SEEMA KENNEDY MP INTERVENTION - The process is slow because Saudi Arabia is a fledgling state. It is still a very young state that is not used to this level of scrutiny and transparency, and it will therefore take a long time for these reports to come out.

The hon. Lady anticipates my final remarks. She used the word “slow”, as did the Minister. I have used the word “glacial”. The process is too slow, and I look forward to hearing the Minister tell us at what point the British Government will take the view that we need to move to an independent inquiry. I quoted the Government saying six months ago that they were not opposed to calls for an independent international inquiry but that first and foremost they wanted to see the Saudi Arabian Government carry out their own investigation. This situation has pertained for 14 months. How much longer do we have to wait before we can move to an independent investigation?

TOM BRAKE MP INTERVENTION - Is the hon. Gentleman aware that the Ministry of Defence has delivered two training sessions in Saudi Arabia on the process of investigating alleged violations of international humanitarian law? I hope, as I am sure he does, that the MOD will have underlined the importance of dealing with these matters in an expedited manner.

Absolutely, and I am sure that the Minister will have more to say on that when he speaks later. If it was the purpose of those sessions to remind ll parties concerned that they have obligations under international humanitarian law, it is vital that those obligations should be fulfilled quickly.

The view taken by the International Development Committee and other Select Committees of this House was that we would only get the full investigation that we need if it was completely independent. It is now long overdue for us as a country to move to support a fully independent international investigation. It is simply not acceptable for us to wait indefinitely for the Saudi Arabians to conduct their own investigations while people are still dying in this conflict.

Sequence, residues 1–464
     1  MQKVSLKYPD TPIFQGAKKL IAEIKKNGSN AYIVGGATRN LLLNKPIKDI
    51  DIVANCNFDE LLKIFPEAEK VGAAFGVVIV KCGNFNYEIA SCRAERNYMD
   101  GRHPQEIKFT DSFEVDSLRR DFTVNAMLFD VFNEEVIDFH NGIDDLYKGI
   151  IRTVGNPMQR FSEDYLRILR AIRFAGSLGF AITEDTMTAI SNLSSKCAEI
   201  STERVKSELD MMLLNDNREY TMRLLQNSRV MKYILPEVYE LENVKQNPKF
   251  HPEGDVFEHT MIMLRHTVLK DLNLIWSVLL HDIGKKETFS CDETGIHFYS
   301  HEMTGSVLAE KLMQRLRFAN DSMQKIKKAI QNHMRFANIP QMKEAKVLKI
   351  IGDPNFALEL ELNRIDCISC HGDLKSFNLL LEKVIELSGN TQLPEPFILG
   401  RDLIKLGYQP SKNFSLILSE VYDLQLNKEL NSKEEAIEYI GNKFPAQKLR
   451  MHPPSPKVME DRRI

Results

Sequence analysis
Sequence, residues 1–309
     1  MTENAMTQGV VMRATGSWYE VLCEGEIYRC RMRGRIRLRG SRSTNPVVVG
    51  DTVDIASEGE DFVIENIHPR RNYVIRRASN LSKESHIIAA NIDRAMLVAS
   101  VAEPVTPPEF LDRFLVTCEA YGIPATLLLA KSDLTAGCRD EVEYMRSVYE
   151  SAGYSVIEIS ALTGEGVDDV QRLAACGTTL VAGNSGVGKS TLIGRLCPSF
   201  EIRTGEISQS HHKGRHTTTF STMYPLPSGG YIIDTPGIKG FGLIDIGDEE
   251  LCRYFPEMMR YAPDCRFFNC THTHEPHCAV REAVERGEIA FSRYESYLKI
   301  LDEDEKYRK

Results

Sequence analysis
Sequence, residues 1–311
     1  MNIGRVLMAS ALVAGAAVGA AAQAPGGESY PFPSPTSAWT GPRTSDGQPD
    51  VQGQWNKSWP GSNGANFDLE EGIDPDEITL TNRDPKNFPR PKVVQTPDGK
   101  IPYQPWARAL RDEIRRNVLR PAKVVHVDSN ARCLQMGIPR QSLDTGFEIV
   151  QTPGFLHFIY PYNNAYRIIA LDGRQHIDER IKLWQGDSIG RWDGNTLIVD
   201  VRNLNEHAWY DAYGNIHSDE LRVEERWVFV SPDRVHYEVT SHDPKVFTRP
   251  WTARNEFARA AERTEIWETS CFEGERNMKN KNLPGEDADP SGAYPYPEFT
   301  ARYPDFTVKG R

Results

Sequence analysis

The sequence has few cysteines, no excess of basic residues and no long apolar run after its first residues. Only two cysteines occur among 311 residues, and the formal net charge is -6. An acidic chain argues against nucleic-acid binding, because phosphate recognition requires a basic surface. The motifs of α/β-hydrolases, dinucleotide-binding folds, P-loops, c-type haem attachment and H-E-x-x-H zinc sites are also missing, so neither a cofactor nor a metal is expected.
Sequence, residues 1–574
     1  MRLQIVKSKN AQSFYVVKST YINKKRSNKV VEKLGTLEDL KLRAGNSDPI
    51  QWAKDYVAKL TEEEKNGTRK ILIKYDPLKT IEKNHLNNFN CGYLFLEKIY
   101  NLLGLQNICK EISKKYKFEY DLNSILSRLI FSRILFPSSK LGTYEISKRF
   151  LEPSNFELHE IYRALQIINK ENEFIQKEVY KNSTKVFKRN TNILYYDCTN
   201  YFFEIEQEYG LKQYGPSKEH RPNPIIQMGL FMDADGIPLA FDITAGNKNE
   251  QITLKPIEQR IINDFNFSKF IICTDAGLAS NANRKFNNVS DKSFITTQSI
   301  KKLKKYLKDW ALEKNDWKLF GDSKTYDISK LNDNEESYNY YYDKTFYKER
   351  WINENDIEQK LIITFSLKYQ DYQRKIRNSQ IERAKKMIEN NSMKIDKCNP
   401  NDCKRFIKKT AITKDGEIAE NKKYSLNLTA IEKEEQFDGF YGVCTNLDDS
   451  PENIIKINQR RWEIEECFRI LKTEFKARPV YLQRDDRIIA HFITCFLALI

GRAHAM JONES MP INTERVENTION - Morocco has 15 jets, Jordan has 15 jets, Kuwait has 15 jets, Bahrain has 15 jets, Qatar has 10 jets, the United Arab Emirates have 30 jets and Sudan has 15 jets. This is not just about Saudi Arabia; it involves the Gulf Co-operation Council and the Arab League as well. Will all those countries be involved in the inquiry?

As I have made clear throughout every intervention that I have taken, the inquiry would cover all allegations made against any party to the conflict, but it is quite clear that the Saudis lead the coalition and their alleged violations will be investigated. My right hon. Friend the Member for Warley (Mr Spellar), who is no longer in his place, reminded us earlier that the Iranians will also require investigation.

GRAHAM JONES MP INTERVENTION - Who dropped the bombs then? What do the allegations say about who carried out the air strikes and dropped the bombs?

They say it was predominantly Saudi Arabia. There is little doubt that the Saudis have the predominant air power. But of course it is not only about the alleged violations involving air power; it is about all the alleged violations by all sides, including shelling by the Houthis, which must be investigated. That is the purpose of saying today that we want to see an independent international investigation.

I finish by saying that the motion enables the House to come together and to put to one side our different points of view on the question of UK arms sales to Saudi Arabia and others—the motion is not about that. I reiterate that, although the International Development Committee and the Business, Innovation and Skills Committee took one view on arms sales and the Foreign Affairs Committee took another, all three Committees took the view that we should have an independent, UN-led international investigation. This debate provides Members on both sides of the House with an opportunity to send a clear message to the Government and the wider international community that we want to see urgent and immediate progress to enable a fully independent investigation to take place.